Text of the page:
On Thu, Jun 18, 2015 at 8:23 PM, Gavin Andresen <gavinandre...@gmail.com> wrote:
> On Thu, Jun 18, 2015 at 1:42 PM, Alex Morcos <mor...@gmail.com> wrote:
>> Let me take a pass at explaining how I see this.
>> 1) Code changes to Bitcoin Core that don't change consensus:  Wladimir is
>> the decider but he works under a process that is well understood by
>> developers on the project in which he takes under reasonable consideration
>> other technical opinions and prefers to have clear agreement among them.
> Yes.
>> 2) Changes to the consensus rules: As others have said, this isn't
>> anyone's decision for anyone else.
> Yes.
> [...]
> I don't think I agree with "pretty much everybody", because status-quo bias
> is a very powerful thing. Any change that disrupts the way they've been
> doing things will generate significant resistance -- there will be 10 or 20%
> of any population that will take a position of "too busy to think about
> this, everything seems to be working great, I don't like change, NO to any
> change."

But according to Alex's explanation (which I think is very good
leaving asides some cases like change of the pow hashing function, for
example) there's no individual that can force or veto a change. It is
the decision of each individual user and their own "pretty much
everybody" may vary. But this "pretty much everybody" is what Mark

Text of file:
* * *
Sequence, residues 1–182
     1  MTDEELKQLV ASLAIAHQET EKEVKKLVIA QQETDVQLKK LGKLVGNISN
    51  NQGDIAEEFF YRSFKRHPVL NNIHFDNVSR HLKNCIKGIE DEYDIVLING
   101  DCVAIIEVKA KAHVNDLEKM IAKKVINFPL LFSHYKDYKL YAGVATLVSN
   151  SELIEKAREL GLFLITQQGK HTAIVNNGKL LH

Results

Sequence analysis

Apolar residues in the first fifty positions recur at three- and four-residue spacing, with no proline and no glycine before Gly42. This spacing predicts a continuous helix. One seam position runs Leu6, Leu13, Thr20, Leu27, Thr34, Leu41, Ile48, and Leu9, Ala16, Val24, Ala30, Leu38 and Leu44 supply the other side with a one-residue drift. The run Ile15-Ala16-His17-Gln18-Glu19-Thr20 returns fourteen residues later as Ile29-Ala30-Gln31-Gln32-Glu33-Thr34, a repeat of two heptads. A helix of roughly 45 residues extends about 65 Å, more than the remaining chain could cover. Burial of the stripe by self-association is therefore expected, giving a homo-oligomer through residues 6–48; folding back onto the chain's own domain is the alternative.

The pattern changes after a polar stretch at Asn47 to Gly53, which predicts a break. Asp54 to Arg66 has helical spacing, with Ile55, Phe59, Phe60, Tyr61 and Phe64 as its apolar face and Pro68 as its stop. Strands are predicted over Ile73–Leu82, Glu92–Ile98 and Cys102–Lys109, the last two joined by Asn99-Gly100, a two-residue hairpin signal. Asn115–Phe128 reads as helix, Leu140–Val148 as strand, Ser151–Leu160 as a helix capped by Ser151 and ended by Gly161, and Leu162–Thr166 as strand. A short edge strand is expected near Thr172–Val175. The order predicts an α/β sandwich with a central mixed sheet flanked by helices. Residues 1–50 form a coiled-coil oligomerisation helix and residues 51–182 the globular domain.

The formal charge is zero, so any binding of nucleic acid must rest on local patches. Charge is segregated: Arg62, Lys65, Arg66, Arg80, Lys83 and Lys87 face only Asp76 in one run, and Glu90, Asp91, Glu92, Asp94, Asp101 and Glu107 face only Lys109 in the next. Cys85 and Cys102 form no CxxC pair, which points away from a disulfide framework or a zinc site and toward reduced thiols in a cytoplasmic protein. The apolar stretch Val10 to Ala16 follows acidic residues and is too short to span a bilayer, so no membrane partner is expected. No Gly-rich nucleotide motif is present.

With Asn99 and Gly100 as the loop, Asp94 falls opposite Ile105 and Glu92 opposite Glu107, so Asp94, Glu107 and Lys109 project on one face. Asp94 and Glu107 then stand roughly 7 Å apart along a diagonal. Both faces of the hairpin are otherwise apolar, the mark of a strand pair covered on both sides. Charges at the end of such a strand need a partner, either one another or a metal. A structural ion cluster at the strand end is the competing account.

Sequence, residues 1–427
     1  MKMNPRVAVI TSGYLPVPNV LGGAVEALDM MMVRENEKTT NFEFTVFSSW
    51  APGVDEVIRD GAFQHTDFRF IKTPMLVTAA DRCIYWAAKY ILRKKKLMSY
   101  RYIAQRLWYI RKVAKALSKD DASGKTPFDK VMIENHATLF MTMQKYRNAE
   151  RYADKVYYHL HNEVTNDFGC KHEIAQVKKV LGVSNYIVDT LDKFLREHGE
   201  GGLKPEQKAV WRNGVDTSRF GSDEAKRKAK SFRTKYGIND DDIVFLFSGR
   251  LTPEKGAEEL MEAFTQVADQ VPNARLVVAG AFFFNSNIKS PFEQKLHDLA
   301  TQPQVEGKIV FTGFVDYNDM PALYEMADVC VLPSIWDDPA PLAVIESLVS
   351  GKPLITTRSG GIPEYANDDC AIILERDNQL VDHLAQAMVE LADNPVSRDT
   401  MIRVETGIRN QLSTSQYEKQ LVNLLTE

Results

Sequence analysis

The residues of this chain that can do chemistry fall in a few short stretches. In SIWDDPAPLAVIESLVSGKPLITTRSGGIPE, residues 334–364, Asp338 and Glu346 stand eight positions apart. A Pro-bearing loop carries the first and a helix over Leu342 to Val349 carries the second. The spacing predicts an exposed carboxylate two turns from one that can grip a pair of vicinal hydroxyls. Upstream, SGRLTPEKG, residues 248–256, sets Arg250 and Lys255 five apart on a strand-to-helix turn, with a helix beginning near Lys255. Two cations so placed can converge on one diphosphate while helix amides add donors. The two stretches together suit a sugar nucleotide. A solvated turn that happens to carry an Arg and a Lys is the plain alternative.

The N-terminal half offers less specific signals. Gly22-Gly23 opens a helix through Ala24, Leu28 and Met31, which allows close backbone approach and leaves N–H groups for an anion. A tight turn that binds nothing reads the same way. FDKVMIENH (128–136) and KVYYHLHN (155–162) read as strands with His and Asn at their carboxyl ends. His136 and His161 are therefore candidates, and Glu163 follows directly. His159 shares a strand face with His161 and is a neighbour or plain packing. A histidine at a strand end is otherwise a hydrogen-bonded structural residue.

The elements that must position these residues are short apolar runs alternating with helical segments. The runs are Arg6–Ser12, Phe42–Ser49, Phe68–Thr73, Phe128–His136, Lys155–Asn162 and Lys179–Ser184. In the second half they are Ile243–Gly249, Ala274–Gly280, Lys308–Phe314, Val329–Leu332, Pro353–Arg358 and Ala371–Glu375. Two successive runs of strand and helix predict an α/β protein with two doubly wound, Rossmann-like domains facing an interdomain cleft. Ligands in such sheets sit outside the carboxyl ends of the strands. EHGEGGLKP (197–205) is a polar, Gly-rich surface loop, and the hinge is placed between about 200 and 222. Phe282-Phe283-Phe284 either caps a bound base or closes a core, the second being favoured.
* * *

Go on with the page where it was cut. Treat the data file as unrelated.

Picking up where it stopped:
referred to with the "I know it when I see it."

> The criteria for me is "clear super-majority of the people and businesses
> who are using Bitcoin the most," and I think that criteria is met.

If you recommend users to apply changes when this criterion is met but
you know there's still many users who don't agree with the change,
then you're acting irresponsibly by promoting a chaotic consensus fork
where coins can be spent in both chains at once.
Well...unless you're promoting it as an altcoin that simply happens to
distribute part of the initial monetary based to bitcoin holders at
block X and whose genesis block is equal to bitcoin's genesis block at
block X. I guess in that case you wouldn't necessarily be
"Miner's vote" is irrelevant here since it cannot tell you anything
about users adoption (besides miner's adoption of course).

>> 3) Code changes to Core that do change consensus: I think that Wladimir,
>> all the other committers besides Gavin, and almost all of the other
>> developers on Core would defer to #2 above and wait for its outcome to be
>> clear before considering such a code change.
> Yes, that's the way it has mostly been working. But even before stepping
> down as Lead I was starting to wonder if there are ANY successful open
> source projects that didn't have either a Benevolent Dictator or some clear
> voting process to resolve disputes that cannot be settled with "rough
> consensus."

But this is only relevant for the point 1. Software projects can have
dictators, forks and everything else other free software projects
have. But consensus-based p2p blockchains cannot change their rules in
the same way, otherwise they're centralized.

If anybody can vote, hod do you prevent the sibyls from outvoting everyone?
If not everybody can vote, how is the voters' list determined without
centralizing the system?
If we had a technical solution to this problem we wouldn't need proof
of work in the first place!!

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